Gerd Faltings
Gerd Faltings  

Born 
GelsenkirchenBuer, West Germany 
28 July 1954
Nationality  German 
Fields  Mathematics 
Institutions 
Max Planck Institute for Mathematics University of Bonn Princeton University University of Wuppertal 
Alma mater  University of Münster 
Doctoral advisor  HansJoachim Nastold 
Doctoral students 

Known for  
Notable awards 
Fields Medal (1986) Guggenheim Fellowship (1988) Leibniz Prize (1996) King Faisal International Prize (2014) Shaw Prize (2015) Cantor Medal (2017) 
Website www.hcm.unibonn.de/people/profile/gerdfaltings/ 
Gerd Faltings (German: [ˈfaltɪŋs]; born 28 July 1954) is a German mathematician known for his work in arithmetic algebraic geometry.^{[2]}^{[3]}
Education
From 1972 to 1978, Faltings studied mathematics and physics at the University of Münster. In 1978 he received his PhD in mathematics.^{[3]}
Career and research
In 1981 he obtained the venia legendi (Habilitation) in mathematics, both from the University of Münster. During this time he was an assistant professor at the University of Münster. From 1982 to 1984, he was professor at the University of Wuppertal.^{[4]} After that he was professor at Princeton University from 1985 to 1994. In the fall of 1988 and in the academic year 1992–1993 he was a visiting scholar at the Institute for Advanced Study.^{[5]}
He was awarded the Fields Medal at the ICM at Berkeley in 1986 for proving the Tate conjecture for abelian varieties over number fields, the Shafarevich conjecture for abelian varieties over number fields and the Mordell conjecture, which states that any nonsingular projective curve of genus g > 1 defined over a number field K contains only finitely many Krational points. As a Fields Medallist he gave an ICM plenary talk Recent progress in arithmetic algebraic geometry. In 1994 as an ICM invited speaker in Zurich he gave a talk MumfordStabilität in der algebraischen Geometrie. He proved an even much more general of the Mordell conjecture, the Mordell–Lang conjecture. Together with Gisbert Wüstholz, he reproved Roth's theorem, for which Roth was awarded the Fields medal in 1958.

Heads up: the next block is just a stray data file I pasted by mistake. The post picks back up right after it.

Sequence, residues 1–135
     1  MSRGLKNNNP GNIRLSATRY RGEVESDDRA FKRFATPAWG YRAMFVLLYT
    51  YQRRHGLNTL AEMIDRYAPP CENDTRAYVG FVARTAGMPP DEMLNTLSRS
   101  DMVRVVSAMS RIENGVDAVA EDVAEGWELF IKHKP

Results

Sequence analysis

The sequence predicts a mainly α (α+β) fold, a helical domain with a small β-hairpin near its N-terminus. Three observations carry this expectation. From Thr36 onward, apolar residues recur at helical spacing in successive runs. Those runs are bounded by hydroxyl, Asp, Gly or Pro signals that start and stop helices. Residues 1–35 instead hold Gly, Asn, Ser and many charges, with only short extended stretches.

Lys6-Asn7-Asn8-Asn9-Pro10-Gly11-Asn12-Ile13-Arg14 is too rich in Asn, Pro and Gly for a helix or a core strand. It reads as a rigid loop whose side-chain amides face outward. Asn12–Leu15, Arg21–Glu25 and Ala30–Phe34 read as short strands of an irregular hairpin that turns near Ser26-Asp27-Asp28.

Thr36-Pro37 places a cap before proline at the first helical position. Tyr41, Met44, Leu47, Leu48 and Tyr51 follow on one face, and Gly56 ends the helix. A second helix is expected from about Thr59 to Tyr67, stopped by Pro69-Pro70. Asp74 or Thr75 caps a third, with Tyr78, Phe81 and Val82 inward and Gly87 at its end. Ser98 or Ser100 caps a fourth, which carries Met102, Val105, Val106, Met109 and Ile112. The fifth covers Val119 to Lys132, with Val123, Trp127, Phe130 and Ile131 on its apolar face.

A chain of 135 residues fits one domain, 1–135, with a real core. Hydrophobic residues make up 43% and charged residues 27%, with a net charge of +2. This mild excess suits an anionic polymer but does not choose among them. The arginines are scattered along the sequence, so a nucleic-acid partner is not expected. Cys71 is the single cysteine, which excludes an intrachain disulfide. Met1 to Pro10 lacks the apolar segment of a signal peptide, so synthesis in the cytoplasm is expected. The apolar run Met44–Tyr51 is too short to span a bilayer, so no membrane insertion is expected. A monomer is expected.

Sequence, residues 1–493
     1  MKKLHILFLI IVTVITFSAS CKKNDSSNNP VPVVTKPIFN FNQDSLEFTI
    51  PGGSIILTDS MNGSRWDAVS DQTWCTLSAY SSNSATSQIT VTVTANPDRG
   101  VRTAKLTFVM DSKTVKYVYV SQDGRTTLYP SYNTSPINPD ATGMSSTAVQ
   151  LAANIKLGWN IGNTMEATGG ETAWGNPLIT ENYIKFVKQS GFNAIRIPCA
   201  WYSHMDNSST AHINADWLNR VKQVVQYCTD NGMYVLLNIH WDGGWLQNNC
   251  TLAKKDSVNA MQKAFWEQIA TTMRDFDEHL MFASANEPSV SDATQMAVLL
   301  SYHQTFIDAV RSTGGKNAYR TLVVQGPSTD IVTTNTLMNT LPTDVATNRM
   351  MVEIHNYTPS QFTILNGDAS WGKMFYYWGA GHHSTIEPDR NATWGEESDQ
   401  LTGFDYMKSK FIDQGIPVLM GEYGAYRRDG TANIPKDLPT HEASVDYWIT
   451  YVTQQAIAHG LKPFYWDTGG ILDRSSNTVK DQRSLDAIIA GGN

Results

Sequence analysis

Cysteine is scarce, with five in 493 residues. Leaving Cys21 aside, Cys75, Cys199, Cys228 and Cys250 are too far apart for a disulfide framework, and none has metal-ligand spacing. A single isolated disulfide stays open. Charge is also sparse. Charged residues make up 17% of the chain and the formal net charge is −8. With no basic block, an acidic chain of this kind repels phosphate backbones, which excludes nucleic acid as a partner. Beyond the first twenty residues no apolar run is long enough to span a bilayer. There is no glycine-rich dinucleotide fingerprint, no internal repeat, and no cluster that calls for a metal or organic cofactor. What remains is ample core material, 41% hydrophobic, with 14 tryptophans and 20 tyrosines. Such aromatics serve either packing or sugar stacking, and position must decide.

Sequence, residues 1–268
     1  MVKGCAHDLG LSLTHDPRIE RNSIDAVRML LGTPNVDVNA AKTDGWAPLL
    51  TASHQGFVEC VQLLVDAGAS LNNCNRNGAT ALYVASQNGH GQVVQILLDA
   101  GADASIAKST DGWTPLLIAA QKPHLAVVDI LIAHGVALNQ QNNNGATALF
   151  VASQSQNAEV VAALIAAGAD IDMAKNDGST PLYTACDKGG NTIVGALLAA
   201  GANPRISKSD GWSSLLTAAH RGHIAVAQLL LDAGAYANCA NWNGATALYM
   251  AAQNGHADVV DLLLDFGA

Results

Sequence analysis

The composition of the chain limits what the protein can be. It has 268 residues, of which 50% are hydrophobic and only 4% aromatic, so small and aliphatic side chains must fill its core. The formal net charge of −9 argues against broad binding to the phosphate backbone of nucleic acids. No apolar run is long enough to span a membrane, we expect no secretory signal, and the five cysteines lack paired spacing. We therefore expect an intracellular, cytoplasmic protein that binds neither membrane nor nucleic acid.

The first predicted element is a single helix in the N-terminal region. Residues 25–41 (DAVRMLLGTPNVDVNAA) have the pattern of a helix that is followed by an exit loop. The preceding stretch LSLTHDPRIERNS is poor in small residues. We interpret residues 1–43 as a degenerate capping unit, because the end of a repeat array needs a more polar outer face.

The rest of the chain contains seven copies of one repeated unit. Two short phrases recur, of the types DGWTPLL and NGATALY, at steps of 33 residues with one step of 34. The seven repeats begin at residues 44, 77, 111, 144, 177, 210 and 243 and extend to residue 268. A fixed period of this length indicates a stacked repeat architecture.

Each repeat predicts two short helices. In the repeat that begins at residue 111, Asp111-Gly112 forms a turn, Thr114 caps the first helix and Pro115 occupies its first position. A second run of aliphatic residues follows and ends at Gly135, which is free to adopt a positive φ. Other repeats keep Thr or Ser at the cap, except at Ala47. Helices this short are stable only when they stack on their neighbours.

Since 1994 he has been a director of the Max Planck Institute for Mathematics in Bonn. In 1996, he received the Gottfried Wilhelm Leibniz Prize of the Deutsche Forschungsgemeinschaft, which is the highest honour awarded in German research.
Faltings was the formal supervisor of Shinichi Mochizuki, Wieslawa Niziol, Nikolai Dourov.
Awards and honours
 Fields Medal (1986)
 Guggenheim Fellowship (1988/89) ^{[6]}
 Gottfried Wilhelm Leibniz Prize (1996)
 King Faisal International Prize (2014)
 Shaw Prize (2015) ^{[7]}
 Foreign Member of the Royal Society (2016) ^{[8]}
 Cantor Medal (2017) ^{[9]}
References
 ^ Castelvecchi, Davide (7 October 2015). "The biggest mystery in mathematics: Shinichi Mochizuki and the impenetrable proof". Nature. 526: 178–181. PMID 26450038. doi:10.1038/526178a.
 ^ O'Connor, John J.; Robertson, Edmund F., "Gerd Faltings", MacTutor History of Mathematics archive, University of St Andrews.
 ^ ^{a} ^{b} Gerd Faltings at the Mathematics Genealogy Project
 ^ Kirbach, Roland (8 June 1984). "Gerd Faltings: Genie ist für ihn normal" [Gerd Faltings: For him, genius is the norm]. Die Zeit (in German). Retrieved 14 May 2013.
 ^ Faltings, Gerd  Institute for Advanced Study
 ^ John Simon Guggenheim Foundation  Gerd Faltings
 ^ Shaw Prize 2015
 ^ Royal Society
 ^ Cantor Medal 2017
External links
 1954 births
 Living people
 People from Gelsenkirchen
 Studienstiftung alumni
 University of Münster alumni
 Princeton University faculty
 Institute for Advanced Study visiting scholars
 20thcentury German mathematicians
 21stcentury German mathematicians
 Fields Medalists
 Gottfried Wilhelm Leibniz Prize winners
 Algebraic geometers
 Number theorists
 University of Bonn faculty
 Foreign Members of the Royal Society